The Price Waterhouse decision has been the main vehicle through which many plaintiffs have attempted to establish that sexual orientation discrimination is a form of sex discrimination under Title VII. These efforts have had mixed results. Federal courts in the Second, Third, Sixth and Seventh Circuits have rejected claims that Title VII prohibits all sexual orientation discrimination. Many courts have also rejected more nuanced arguments that sexual orientation discrimination is a form of gender stereotyping prohibited by Price Waterhouse v. Hopkins. Other courts have left the door open for sexual orientation discrimination claims framed as gender stereotyping, and a few have explicitly ruled that discrimination based on sexual orientation is sexual stereotyping discrimination prohibited by Title VII. In a similar vein, a number of federal courts have found that transgender discrimination, which also is not explicitly prohibited under Title VII, is an unlawful form of gender stereotyping. The Supreme Court has not decided the issue, at least not yet.

Changing Attitudes on LGBT Rights

With these two new cases, the EEOC is pressing the argument that sexual orientation discrimination is a form of gender stereotyping prohibited by Title VII under the Supreme Court’s ruling in Price Waterhouse. These cases come on the heels of several administrative developments, including the EEOC’s own July 2015 decision inBaldwin v. Department of Transportation, which concluded that sexual orientation discrimination is rooted in stereotypes and failure to comply with gender norms. Simply put, the EEOC is taking a more aggressive approach to strengthening rights and protections for the LGBT community.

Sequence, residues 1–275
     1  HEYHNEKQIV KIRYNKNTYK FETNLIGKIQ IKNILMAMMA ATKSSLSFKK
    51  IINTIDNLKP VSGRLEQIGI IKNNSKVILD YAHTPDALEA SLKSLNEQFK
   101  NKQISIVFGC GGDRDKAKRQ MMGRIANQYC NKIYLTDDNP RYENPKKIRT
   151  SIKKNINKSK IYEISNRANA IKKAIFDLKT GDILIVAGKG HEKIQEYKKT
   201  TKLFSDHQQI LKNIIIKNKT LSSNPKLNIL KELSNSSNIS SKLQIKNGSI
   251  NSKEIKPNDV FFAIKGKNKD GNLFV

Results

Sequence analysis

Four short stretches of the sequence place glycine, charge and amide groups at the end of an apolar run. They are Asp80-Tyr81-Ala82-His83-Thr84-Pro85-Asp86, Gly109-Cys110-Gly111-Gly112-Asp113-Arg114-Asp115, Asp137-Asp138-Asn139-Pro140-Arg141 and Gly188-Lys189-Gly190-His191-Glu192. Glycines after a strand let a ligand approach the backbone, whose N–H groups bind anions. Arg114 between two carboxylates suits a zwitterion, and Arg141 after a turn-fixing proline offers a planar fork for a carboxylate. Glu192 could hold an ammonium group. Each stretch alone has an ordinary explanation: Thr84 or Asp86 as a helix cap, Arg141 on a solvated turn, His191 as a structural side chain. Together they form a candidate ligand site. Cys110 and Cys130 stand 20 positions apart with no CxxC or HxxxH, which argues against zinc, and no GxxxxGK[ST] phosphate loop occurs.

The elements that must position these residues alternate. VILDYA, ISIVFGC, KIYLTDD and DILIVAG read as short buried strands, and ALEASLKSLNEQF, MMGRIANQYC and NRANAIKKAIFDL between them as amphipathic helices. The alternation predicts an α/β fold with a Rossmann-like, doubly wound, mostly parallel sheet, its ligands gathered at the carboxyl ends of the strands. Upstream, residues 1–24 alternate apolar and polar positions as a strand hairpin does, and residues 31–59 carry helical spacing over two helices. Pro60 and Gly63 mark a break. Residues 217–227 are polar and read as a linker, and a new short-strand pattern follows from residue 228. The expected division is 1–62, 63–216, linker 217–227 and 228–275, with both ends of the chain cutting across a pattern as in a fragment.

The EEOC’s actions reflect a much broader shift of public opinion relating to the fair treatment of the LGBT community. According to the National Opinion Research Center at the University of Chicago, almost 70 percent of the U.S. population in 1973 said same-sex relationships were “always wrong,” versus 43.5 percent in 2010. The Pew Research Center also compiled statistics on public attitudes, finding that, from 2001 to 2015, opposition to gay marriage fell from 57 percent to 39 percent, while acceptance rose from 35 percent to 55 percent. It was in the midst of these changing attitudes that one of the biggest achievements in LGBT rights occurred — the Supreme Court’s July 2015 decision in Obergefell v. Hodges, which found that the Fourteenth Amendment requires states to recognize and license marriage between two people of the same sex.

What This Means for Employers

The EEOC’s lawsuits were filed in Maryland and Pennsylvania. Maryland already has enacted a statewide law prohibiting sexual orientation discrimination. Pennsylvania does not have an analogous statewide law, but multiple counties and municipalities in the state have enacted sexual orientation discrimination laws.

Although the two new EEOC cases may not be resolved for some time, given current state laws and the renewed focus by the EEOC on broadening the scope of Title VII’s protections for the LGBT community, employers that have not already done so should consider implementing anti-discrimination and anti-harassment policies in the workplace that include protections for employees based on their sexual orientation and gender identity and expression. This is especially important when considering the trend in public opinion. A clear policy prohibiting sexual orientation discrimination can ensure that all employees are treated fairly and prevent both legal and social incidents from disrupting the workplace. Such policies should be included in employee handbooks, and both managerial and non-managerial employees should receive appropriate training.